Building for the future

It's not often I find myself disagreeing with Matt Flinders, the formidable chair of the Political Studies Association, but when he writes that Parliament should abandon the Palace of Westminster and move to a new purpose-built home, I really, really, do disagree.

The British Parliament meets in one of the four or five most recognisable buildings on the planet, on a site which has been the heart of national life since before the Norman Conquest.

Image copyright PA
Image caption Move? From here?

To be sure it was designed as the home of a pre-democratic parliament, and is festooned with feudal iconography, and it's clearly in urgent need of extremely expensive refurbishment.

But it's also the place where Parliament put a King on trial, where Wilberforce pushed for the abolition of slavery, where the vote was progressively extended, where Churchill roared defiance at Hitler, Bevan launched the NHS and Thatcher told MPs the Falklands were British.

History oozes from every nook and cranny. And I instinctively loathe the idea of cutting the current generation of politicians off from the centuries of parliamentary history example and inspiration behind them. Matt disagrees. He argues Victorian Westminster is wrong for a 21st Century democracy. Turning Churchill's famous dictum: "We shape our buildings and afterwards our buildings shape us," he adds: "Maybe this is the problem."

Hmmm. There's half an argument there. I don't see much evidence of feudal forehead knuckling in the Commons, even if MPs occasionally walk past murals of the regal past.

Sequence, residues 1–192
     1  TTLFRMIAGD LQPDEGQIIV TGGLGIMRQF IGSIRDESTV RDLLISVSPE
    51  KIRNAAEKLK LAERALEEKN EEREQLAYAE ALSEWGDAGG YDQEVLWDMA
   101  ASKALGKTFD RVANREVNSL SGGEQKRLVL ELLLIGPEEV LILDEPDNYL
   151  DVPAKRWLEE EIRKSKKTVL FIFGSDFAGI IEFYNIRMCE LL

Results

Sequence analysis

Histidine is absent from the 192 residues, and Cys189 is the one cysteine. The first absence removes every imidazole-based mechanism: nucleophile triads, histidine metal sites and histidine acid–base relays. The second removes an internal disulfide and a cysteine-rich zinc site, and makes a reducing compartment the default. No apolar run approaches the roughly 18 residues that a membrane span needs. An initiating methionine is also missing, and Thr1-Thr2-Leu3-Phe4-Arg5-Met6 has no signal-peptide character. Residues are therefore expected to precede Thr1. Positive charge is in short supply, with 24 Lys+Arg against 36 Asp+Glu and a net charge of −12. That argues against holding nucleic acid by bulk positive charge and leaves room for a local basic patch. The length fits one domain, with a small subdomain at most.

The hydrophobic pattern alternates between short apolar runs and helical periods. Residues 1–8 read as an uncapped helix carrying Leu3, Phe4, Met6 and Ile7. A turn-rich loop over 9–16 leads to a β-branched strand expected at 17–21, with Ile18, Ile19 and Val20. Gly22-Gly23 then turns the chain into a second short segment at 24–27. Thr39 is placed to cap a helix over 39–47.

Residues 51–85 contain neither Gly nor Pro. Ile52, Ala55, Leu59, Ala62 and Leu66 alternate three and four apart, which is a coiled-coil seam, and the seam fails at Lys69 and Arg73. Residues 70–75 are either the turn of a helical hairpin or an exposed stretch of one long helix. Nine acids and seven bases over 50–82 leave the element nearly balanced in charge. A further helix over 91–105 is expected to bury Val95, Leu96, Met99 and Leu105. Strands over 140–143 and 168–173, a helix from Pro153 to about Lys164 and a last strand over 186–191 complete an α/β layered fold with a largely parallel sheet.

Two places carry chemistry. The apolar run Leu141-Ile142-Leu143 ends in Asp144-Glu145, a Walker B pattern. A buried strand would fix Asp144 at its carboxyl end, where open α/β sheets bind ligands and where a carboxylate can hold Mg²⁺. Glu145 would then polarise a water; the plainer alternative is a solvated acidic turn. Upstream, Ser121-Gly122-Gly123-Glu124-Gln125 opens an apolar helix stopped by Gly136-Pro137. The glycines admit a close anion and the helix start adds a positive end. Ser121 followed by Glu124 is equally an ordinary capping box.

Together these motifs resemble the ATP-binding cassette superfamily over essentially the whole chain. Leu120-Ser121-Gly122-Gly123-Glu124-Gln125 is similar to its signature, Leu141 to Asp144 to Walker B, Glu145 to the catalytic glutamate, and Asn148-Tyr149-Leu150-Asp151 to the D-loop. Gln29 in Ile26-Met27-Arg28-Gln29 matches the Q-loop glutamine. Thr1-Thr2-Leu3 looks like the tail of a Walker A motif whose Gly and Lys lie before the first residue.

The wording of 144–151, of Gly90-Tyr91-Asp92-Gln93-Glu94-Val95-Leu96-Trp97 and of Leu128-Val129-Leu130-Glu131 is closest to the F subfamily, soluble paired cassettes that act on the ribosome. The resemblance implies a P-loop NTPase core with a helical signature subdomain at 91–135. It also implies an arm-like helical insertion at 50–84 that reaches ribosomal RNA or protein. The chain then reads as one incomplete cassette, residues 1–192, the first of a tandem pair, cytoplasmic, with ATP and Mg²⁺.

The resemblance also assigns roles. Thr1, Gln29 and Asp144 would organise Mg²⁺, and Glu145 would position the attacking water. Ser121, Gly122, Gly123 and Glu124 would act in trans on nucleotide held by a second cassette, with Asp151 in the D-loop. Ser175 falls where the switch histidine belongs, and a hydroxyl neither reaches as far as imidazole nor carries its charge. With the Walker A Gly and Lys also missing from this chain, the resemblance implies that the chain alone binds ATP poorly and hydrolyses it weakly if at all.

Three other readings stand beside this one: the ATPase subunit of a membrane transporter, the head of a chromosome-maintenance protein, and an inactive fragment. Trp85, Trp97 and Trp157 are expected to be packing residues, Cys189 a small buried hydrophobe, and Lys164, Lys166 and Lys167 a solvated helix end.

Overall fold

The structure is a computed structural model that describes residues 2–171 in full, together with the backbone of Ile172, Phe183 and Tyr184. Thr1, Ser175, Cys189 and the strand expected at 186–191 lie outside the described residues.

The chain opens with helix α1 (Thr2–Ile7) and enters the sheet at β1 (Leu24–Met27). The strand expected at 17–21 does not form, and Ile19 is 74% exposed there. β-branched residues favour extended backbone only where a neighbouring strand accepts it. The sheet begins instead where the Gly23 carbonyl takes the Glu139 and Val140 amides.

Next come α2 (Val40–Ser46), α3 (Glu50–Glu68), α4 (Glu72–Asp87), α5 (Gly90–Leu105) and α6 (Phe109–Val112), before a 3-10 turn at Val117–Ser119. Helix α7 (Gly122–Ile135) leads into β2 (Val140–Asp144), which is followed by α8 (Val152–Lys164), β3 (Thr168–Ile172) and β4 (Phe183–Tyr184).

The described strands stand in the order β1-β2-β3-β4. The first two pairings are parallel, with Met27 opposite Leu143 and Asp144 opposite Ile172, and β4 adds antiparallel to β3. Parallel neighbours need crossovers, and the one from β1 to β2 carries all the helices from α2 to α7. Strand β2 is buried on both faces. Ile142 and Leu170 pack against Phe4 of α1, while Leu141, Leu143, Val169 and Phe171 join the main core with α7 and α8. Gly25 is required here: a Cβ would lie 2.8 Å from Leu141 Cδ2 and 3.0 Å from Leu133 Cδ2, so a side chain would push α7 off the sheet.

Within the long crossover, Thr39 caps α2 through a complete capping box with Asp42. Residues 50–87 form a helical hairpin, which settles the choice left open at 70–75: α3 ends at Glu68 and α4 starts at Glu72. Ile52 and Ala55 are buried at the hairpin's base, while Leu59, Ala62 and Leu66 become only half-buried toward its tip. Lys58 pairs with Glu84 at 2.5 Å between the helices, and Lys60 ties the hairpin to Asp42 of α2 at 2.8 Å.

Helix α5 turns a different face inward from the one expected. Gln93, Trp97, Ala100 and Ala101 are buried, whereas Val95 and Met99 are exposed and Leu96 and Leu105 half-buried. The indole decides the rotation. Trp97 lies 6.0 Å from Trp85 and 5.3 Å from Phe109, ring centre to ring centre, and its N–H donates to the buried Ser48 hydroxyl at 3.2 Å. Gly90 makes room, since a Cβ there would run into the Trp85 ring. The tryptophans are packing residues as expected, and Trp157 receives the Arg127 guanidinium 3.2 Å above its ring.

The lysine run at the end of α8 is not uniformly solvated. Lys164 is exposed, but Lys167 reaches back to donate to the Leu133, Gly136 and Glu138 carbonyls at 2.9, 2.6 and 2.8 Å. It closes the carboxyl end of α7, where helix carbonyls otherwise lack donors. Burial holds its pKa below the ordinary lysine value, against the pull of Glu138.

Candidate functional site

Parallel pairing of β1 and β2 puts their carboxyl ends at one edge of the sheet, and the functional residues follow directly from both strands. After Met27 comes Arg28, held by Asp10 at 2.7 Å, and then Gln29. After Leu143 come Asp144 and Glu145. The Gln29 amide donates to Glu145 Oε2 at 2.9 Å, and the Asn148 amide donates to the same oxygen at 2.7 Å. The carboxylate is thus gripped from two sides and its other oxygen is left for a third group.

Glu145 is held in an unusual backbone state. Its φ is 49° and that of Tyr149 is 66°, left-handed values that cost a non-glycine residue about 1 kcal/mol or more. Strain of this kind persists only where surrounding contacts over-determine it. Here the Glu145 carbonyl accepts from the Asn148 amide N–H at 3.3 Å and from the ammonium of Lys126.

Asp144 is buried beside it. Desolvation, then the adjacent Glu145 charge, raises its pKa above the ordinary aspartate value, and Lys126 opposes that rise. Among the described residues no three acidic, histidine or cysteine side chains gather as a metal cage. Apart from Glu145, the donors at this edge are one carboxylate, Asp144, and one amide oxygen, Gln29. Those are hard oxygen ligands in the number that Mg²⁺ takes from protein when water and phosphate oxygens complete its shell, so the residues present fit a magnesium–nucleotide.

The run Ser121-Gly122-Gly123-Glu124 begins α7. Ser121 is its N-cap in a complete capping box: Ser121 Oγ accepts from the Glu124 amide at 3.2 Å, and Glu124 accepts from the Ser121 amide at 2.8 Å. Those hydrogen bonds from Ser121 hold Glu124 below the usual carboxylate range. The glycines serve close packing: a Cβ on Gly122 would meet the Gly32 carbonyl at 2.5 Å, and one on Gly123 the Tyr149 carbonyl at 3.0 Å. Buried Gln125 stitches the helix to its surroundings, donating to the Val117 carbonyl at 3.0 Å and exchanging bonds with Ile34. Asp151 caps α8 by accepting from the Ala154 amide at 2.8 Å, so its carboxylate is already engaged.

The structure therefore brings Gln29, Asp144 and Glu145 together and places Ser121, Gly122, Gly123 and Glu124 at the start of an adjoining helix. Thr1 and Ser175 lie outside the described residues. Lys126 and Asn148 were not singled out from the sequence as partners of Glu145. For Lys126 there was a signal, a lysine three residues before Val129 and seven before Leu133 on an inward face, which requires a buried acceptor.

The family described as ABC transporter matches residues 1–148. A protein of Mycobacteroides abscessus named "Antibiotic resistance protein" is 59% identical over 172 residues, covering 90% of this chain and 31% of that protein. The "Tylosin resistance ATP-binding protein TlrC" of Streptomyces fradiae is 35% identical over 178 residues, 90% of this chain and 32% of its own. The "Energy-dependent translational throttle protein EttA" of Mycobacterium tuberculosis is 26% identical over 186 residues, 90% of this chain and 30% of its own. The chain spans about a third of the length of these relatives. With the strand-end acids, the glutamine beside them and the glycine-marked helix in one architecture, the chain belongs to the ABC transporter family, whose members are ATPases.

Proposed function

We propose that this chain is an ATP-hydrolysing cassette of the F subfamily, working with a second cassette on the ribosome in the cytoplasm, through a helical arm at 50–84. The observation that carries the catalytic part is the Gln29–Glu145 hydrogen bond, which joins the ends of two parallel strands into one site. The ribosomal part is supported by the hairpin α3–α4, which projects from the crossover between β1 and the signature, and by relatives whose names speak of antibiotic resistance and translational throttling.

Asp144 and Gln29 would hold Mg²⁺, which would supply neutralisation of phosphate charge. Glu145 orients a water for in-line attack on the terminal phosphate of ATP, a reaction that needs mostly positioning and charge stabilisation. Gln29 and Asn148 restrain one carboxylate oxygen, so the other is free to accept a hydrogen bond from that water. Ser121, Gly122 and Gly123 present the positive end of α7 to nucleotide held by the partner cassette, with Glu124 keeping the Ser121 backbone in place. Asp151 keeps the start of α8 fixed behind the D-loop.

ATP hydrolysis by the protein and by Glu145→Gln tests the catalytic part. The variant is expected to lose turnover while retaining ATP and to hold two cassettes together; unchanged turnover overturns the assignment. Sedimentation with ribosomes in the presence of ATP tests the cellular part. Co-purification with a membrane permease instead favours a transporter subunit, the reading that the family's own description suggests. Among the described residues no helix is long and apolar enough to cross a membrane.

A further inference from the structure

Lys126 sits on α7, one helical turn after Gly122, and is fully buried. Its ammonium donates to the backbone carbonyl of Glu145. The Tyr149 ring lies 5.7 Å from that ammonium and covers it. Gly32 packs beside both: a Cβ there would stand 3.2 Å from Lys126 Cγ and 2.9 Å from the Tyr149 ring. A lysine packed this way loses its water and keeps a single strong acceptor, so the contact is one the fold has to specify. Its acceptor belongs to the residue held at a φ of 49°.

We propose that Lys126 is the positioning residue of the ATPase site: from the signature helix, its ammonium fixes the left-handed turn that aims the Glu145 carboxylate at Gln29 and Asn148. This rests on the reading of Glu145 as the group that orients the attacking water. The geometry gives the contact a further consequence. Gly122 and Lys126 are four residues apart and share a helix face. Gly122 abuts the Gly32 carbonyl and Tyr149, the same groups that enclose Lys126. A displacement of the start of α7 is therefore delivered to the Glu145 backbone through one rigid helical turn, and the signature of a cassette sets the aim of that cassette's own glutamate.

On the other had, it is interesting that Portcullis House, the relatively new parliamentary office block has created an open non-hierarchical space where MPs, peers, researchers, clerks, hacks and visitors all mingle, and a lot of denizens of the parliamentary estate seem to enjoy it. The Victorian section of the parliamentary buildings is full of MPs-only, or peers-only, or "visitors-only-when-accompanied" bars and dining rooms, and maybe that does encourage the parliamentarians to see themselves as an elite caste.

So do we need some new glass and steel edifice designed by m'lords Rogers or Foster to remedy that? No, we don't. The parliamentary buildings are going to need to have massive amounts spent on them in the near-ish future, whether the building remains a parliament or becomes, as Matt Flinders suggests, a museum. They're a world heritage site and can never be allowed to fall or burn down.

So the refurbishment cost is not a central issue.

Should there be a chamber with seats for all the members? Perhaps with computer ports to facilitate the vital parliamentary pastime of Candy Crush Saga...

A lot of more modern debating chambers are rather antiseptic by comparison to the Commons. The electric atmosphere of a great Commons occasion is an extraordinary thing to experience, and would probably not be reproducible in a less intimate, more spacious setting.

Image caption Fireworks are frequently experienced - inside the building...

But the refurbishment is indeed an opportunity to re-imagine parliament for the 21st Century...and that might entail opening it up more, and designing in more opportunities for public access to and participation in the work of Parliament. It would be a missed opportunity if the whole exercise was reduced to rewiring and new window frames.

My pet scheme is to create a Parliamentary Museum under a British Museum-style glass roof in the rarely-visited quadrangle next to St Stephens Hall. Not only would this give the public a chance to enjoy one of Westminster's hidden architectural glories, but it would also provide a convenient space in which to display all manner of parliamentary treasures - the death warrant of Charles I, for example.

This kind of reinvention can be done without a new building and therefore without losing that historic connection. With all its current faults and dilapidations, the building as it is now reminds MPs and peers that they are part of a living history.

And that should never, never, never be lost.